Updated on October 2, 2020
According to the National Institute on Drug Abuse (NIDA), nearly one in three teens currently engages in activities that put them at risk for developing a drug problem. Often, there are warning signs: binge drinking, an obsession with others’ approval, a social life that revolves around illicit revelry.
As parents, it’s important to intervene—ideally before these behaviors have a chance to develop—and have a frank but calm conversation with your teen about drug use and abuse. Learn the statistics about drug abuse to equip yourself with the knowledge you need to identify and address problems.
Marijuana use is on the rise! Though marijuana use saw a downward trend beginning in the 1990s, come the late 2000s it was again on the rise. In 2012, 6.5 percent of 8th graders, 17 percent of 10th graders, and 22.9 percent of 12th graders admitted to using marijuana within the past month, an increase in each case of about 30 percent in the last five years. Daily use has also increased.
In the same survey, daily use among 12th graders has increased from 5.1 percent in 2007 to 6.5 percent in 2012. Society’s changing perception of marijuana as a “safe” drug—see the debates about medical marijuana and legalization—are likely responsible for this increase. Prescription drug abuse remains a major concern. In 2012, 14.8 percent of 12th graders reported using a prescription drug non-medically. The most commonly abused prescription drugs among teens are the pain relievers Vicodin & OxyContin and the stimulant Adderall.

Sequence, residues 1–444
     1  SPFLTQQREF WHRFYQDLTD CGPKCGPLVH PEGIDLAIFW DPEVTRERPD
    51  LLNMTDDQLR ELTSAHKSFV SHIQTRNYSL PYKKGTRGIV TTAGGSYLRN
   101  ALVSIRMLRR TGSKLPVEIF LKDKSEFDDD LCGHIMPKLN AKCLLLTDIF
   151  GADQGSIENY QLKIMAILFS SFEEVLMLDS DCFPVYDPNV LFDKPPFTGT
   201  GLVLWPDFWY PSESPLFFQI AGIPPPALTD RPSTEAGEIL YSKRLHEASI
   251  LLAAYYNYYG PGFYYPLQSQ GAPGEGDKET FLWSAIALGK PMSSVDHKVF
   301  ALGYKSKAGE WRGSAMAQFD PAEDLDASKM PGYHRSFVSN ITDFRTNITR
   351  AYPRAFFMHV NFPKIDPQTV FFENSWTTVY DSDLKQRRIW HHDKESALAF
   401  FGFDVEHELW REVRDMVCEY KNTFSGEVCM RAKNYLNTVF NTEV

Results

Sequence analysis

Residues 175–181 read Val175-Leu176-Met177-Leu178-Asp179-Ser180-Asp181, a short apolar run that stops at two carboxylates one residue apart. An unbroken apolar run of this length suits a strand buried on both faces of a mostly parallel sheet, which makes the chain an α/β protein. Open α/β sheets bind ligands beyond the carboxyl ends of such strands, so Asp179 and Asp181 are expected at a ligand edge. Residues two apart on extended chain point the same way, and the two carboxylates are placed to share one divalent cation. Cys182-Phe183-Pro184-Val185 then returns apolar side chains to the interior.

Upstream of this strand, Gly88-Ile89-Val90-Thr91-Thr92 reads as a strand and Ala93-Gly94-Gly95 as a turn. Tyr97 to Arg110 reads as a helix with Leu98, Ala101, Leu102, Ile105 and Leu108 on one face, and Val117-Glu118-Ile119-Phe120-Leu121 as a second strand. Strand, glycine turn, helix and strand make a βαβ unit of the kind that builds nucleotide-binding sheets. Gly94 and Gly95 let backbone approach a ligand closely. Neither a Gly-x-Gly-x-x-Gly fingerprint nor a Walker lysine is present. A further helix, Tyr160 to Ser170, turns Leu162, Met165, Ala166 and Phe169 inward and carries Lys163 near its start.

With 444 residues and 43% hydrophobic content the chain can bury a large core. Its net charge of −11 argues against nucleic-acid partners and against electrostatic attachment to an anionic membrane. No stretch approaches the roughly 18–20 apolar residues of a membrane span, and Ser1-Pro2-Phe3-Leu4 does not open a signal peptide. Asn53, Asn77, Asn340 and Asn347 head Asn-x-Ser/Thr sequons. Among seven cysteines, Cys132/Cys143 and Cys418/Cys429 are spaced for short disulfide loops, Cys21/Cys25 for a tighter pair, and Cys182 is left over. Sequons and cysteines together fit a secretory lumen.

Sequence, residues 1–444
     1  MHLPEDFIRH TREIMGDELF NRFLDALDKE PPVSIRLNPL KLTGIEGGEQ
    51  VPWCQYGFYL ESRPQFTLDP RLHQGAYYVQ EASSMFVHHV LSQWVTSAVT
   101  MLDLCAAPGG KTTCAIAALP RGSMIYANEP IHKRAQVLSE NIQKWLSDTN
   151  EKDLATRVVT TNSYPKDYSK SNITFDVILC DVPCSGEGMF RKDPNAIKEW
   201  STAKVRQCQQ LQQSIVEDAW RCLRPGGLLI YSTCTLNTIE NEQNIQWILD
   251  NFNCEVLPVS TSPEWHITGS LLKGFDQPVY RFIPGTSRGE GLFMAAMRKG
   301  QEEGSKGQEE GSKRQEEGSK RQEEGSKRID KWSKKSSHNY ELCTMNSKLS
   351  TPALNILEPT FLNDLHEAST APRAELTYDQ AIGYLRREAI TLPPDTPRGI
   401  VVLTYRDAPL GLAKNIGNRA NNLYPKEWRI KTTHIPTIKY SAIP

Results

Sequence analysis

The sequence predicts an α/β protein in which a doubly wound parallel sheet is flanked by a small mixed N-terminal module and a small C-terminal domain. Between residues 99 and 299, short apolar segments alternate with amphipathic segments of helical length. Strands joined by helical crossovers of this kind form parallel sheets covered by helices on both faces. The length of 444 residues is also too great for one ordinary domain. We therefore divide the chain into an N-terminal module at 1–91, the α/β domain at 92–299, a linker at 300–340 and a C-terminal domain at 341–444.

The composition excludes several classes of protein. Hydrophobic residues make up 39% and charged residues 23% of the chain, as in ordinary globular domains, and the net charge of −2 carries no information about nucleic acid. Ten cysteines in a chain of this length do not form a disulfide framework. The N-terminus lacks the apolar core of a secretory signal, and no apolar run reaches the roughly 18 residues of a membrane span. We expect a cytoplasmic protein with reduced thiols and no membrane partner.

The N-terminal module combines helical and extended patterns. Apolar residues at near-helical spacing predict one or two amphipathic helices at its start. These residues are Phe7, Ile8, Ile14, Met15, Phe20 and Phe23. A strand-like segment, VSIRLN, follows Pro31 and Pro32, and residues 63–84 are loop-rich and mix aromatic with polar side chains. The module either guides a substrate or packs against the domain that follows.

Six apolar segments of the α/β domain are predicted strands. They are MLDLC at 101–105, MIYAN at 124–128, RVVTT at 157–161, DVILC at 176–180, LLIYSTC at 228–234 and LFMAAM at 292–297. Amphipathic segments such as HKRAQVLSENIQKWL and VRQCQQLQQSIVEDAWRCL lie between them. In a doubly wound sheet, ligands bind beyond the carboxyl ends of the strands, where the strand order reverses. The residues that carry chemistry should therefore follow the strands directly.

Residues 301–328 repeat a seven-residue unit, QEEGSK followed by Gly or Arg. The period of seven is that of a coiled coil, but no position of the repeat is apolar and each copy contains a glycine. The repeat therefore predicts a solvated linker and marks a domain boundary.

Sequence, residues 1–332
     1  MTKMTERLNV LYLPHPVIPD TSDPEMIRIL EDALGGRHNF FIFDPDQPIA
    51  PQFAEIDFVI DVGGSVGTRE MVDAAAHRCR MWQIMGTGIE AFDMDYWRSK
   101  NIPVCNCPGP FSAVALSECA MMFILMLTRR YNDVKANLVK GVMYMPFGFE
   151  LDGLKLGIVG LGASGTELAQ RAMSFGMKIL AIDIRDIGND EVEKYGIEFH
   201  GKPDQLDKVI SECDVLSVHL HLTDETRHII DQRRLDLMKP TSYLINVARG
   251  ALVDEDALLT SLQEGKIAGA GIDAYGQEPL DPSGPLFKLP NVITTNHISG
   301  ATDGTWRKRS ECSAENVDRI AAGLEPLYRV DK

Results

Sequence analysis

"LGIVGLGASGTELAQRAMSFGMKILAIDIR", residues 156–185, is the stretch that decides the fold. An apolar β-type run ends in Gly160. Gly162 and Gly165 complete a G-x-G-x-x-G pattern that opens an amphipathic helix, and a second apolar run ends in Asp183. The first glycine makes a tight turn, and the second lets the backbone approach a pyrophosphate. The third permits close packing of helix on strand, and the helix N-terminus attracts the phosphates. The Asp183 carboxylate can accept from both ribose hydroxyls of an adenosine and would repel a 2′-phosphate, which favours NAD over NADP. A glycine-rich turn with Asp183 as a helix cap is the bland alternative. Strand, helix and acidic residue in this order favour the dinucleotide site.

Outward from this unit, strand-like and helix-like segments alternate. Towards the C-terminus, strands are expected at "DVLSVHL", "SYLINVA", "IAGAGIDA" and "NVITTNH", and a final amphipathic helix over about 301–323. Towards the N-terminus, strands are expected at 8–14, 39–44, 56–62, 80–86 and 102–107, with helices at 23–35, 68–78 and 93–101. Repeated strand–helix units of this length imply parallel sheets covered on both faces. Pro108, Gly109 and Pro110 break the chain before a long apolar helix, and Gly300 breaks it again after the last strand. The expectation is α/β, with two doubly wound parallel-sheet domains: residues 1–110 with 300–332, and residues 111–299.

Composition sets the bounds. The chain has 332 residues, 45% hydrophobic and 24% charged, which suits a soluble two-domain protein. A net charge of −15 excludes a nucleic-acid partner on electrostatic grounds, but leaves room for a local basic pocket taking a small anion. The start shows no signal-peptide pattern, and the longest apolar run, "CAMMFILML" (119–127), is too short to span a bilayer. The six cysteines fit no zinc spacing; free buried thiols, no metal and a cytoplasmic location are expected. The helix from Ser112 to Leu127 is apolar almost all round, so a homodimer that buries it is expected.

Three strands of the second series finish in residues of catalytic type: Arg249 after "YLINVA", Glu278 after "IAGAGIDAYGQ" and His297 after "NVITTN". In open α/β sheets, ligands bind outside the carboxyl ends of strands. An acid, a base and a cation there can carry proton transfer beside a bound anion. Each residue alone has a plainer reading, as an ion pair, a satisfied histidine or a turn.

On the plus side… The past five years have seen a substantial drop in cocaine, ecstasy, and inhalant use among teenagers.
Inhalant use is at its lowest level since the National Institute on Drug Abuse started keeping track.
From 2007-2012, past-year cocaine use by 12th graders dropped fifty percent, from 5.2 to 2.7 percent, respectively. Past-year use of ecstasy among 12th graders declined from 5.3 in 2011 to 3.8 percent in 2012.
Teen alcohol use is declining as well. A long-term downward trend in teen alcohol use continues, according to the 2012 NIDA survey. In the 2012 survey, 3.6 percent of 8th graders, 14.5 percent of 10th graders, and 28.1 percent of 12th graders admitted they had gotten drunk within the past month.
Significant drops have also been reported in daily alcohol use among teenagers. Binge drinking among high school seniors has declined 25 percent since the mid-90s.
For the first time, more teens smoke marijuana than smoke cigarettes. In 2008, marijuana use among teenagers surpassed teen cigarette smoking for the first time, and that trend has only continued.
According to the 2012 survey, now 22.9 percent of 12th graders are current marijuana smokers, while only 17.1 percent of 12th graders are cigarette smokers. Those numbers are for teens who’ve used the said drug within the past month. Nonconventional inhaled tobacco use is rising, however. The use of hookahs and small cigars now outranks cigarette smoking as the tobacco vectors of choice.